Tejas Rodeo put on a rodeo every Saturday night through the summer and fall. It’s kind of a mini-tour for the big professional rodeo. Lots of kids and horses and barbecue and beer.  It was a reminder how life can be tied up with animals in a way that’s healthy, fulfilling and fun.

Then late yesterday we received a note from John Killacky of San Francisco. The newspaper there interviewed him about how he has revived a “youthful passion” for Shetland ponies. As Killacky tells it, he was the son of a cattle raiser in Illinois. In 1962, he says, “I witnessed a Shetland pony mare give birth to Raindrop, a beautiful roan filly. I had never seen anything so miraculous. For years afterward, I ran with Raindrop in the fields, groomed her in the barn, and rooted for her at county fairs. She became the best friend I never had.”

Killacky grew up and left his love for Shetlands behind, only to rediscover the animals three years ago. He found Fog Ranch in Moss Landing, California, where he learned how to harness and drive a pony cart. Now Killacky (above) is entering competitions, which isn’t easy for him. Spinal surgery 13 years ago left him a paraplegic. Shetlands don’t care, of course, and Killacky has been accepted by ponies and those that raise them. “There is nothing like pony breath and velvet nose nudges,” Killacky says — which is true in California and Texas. 

 

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People and Their Animals

This weekend the Yonder editors attended a rodeo in Bulverde, Texas, which is not as Yonder as it sounds. Bulverde is a small town just outside sprawling San Antonio. The folks at the Tejas Rodeo put on a rodeo every Saturday night through the summer and fall. It's kind of a mini-tour for the big professional rodeo. Lots of kids and horses and barbecue and beer.  It was a reminder how life can be tied up with animals in a way that's healthy, fulfilling and fun.

Then late yesterday we received a note from John Killacky of San Francisco. The newspaper there interviewed him about how he has revived a "youthful passion" for Shetland ponies. As Killacky tells it, he was the son of a cattle raiser in Illinois. In 1962, he says, "I witnessed a Shetland pony mare give birth to Raindrop, a beautiful roan filly. I had never seen anything so miraculous. For years afterward, I ran with Raindrop in the fields, groomed her in the barn, and rooted for her at county fairs. She became the best friend I never had."

Killacky grew up and left his love for Shetlands behind, only to rediscover the animals three years ago. He found Fog Ranch in Moss Landing, California, where he learned how to harness and drive a pony cart. Now Killacky (above) is entering competitions, which isn't easy for him. Spinal surgery 13 years ago left him a paraplegic. Shetlands don't care, of course, and Killacky has been accepted by ponies and those that raise them. "There is nothing like pony breath and velvet nose nudges," Killacky says — which is true in California and Texas.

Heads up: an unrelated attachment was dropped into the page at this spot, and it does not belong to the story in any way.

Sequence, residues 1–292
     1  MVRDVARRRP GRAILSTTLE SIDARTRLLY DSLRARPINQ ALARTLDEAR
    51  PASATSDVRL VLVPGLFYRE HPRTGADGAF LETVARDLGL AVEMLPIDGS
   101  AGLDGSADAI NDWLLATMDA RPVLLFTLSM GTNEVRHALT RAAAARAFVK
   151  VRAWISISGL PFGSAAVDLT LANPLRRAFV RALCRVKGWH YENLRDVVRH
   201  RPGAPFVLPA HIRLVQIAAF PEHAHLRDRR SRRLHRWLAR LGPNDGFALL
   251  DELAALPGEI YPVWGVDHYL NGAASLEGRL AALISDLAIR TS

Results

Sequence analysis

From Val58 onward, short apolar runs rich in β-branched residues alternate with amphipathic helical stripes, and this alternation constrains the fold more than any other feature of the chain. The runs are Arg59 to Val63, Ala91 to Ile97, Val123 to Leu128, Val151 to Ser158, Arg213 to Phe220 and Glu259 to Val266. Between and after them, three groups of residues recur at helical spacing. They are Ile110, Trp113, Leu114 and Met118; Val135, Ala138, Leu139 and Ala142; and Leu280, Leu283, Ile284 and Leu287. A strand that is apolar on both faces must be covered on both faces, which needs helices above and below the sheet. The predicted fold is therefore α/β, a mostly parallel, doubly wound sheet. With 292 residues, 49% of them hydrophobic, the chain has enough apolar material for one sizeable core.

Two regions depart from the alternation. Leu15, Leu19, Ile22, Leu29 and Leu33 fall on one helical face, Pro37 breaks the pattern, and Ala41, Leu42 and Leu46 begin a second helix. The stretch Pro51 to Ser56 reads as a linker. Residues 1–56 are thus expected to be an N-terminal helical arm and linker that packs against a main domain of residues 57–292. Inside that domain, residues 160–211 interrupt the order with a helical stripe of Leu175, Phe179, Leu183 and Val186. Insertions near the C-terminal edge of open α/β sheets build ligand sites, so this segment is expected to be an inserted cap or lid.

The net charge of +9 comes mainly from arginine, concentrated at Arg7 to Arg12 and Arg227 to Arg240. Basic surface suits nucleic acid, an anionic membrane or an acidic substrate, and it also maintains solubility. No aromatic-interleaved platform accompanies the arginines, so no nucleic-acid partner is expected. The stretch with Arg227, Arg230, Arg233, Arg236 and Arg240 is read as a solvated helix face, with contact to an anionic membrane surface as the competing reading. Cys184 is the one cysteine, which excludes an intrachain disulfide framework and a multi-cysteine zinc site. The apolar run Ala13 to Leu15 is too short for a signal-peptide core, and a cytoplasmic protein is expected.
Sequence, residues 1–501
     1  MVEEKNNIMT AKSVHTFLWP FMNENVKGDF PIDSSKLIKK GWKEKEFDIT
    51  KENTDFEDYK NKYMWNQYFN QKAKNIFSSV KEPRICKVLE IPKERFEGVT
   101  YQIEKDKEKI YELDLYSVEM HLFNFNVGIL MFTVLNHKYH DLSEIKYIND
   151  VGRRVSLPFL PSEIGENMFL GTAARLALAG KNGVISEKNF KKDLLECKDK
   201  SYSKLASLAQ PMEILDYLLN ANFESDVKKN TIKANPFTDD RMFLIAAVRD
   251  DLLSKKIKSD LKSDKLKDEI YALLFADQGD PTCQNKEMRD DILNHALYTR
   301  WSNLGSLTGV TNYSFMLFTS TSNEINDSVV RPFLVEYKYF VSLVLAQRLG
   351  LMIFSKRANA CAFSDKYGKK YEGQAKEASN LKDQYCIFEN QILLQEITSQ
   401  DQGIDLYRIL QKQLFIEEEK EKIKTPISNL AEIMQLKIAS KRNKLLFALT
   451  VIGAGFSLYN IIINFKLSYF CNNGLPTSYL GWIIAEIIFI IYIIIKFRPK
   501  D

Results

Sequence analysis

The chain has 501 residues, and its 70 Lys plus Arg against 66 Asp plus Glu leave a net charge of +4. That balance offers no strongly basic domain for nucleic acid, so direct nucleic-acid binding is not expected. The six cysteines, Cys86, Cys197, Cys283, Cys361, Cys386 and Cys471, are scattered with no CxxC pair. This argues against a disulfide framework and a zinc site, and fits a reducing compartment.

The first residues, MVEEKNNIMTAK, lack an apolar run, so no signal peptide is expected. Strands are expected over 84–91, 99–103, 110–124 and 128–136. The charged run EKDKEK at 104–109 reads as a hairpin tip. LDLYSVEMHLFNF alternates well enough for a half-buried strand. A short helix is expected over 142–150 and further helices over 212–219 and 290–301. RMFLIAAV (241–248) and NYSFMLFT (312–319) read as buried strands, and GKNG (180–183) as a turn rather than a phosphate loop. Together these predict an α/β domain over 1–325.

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This weekend the Yonder editors attended a rodeo in Bulverde, Texas, which is not as Yonder as it sounds. Bulverde is a small town just outside sprawling San Antonio. The folks at the Tejas Rodeo put on a rodeo every Saturday night through the summer and fall. It’s kind of a mini-tour for the big professional rodeo. Lots of kids and horses and barbecue and beer.  It was a reminder how life can be tied up with animals in a way that’s healthy, fulfilling and fun.

Then late yesterday we received a note from John Killacky of San Francisco. The newspaper there interviewed him about how he has revived a “youthful passion” for Shetland ponies. As Killacky tells it, he was the son of a cattle raiser in Illinois. In 1962, he says, “I witnessed a Shetland pony mare give birth to Raindrop, a beautiful roan filly. I had never seen anything so miraculous. For years afterward, I ran with Raindrop in the fields, groomed her in the barn, and rooted for her at county fairs. She became the best friend I never had.”

Killacky grew up and left his love for Shetlands behind, only to rediscover the animals three years ago. He found Fog Ranch in Moss Landing, California, where he learned how to harness and drive a pony cart. Now Killacky (above) is entering competitions, which isn’t easy for him. Spinal surgery 13 years ago left him a paraplegic. Shetlands don’t care, of course, and Killacky has been accepted by ponies and those that raise them. “There is nothing like pony breath and velvet nose nudges,” Killacky says — which is true in California and Texas. 

 

 

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